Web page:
About this book
April 12, 2011, was the 50th anniversary of Yuri Gagarin's pioneering journey into space. To commemorate this momentous achievement, Springer-Praxis is producing a mini series of books that reveals how humanity's knowledge of flying, working, and living in space has grown in the last half century.
Tragedy and Triumph in Orbit, the fourth book in the series, explores the tumultuous events of the 1980s and the beginning of the 1990s, a time when a reinvigorated Cold War between the United States and the Soviet Union bred further distrust and intense competition between the two old foes. As the Shuttle sought to fulfill its mandate of regular, routine access to space, a fatal Achilles heel in the system remained undetected until, one freezing January day in 1986, it made itself known with horrifying suddenness on millions of television screens across the world.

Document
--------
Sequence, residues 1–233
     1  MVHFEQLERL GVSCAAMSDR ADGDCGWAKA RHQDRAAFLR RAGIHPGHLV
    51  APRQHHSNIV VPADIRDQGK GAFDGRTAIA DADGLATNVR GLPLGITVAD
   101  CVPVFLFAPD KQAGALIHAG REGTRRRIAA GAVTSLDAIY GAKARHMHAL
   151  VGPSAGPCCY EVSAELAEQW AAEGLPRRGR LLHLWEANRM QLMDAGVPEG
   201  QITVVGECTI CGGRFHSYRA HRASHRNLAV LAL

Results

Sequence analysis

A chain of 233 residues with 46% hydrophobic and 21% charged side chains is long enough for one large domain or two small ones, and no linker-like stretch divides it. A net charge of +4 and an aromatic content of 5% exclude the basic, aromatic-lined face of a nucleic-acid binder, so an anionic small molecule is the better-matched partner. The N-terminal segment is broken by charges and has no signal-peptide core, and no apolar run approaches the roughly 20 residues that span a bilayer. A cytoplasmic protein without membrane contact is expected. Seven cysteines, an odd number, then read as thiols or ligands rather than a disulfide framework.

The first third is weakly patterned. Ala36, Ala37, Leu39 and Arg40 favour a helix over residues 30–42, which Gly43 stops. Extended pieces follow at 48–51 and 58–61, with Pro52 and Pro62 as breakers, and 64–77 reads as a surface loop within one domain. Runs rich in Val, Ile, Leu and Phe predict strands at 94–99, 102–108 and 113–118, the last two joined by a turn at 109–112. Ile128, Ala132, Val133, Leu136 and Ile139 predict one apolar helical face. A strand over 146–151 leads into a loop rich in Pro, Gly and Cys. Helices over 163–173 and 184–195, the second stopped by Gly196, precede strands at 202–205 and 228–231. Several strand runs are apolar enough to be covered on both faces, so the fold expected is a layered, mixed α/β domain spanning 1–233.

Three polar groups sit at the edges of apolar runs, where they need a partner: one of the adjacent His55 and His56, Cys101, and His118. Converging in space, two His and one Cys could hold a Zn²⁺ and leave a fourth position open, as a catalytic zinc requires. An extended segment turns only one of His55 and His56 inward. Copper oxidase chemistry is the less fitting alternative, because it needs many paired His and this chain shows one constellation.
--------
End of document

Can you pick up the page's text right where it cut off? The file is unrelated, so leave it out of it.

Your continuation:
Systemic flaws, and the urgent need to resolve them, led to several years of introspection, while the Soviet program seemed to prosper and cosmonauts spent longer periods in space than ever before. By the end of the 1980s, a pair of Soviet success masked political changes on the ground, changes which would dramatically turn a once-proud human space program into a mere shadow of what it was. The consequence would be a rocky road to an unlikely partnership.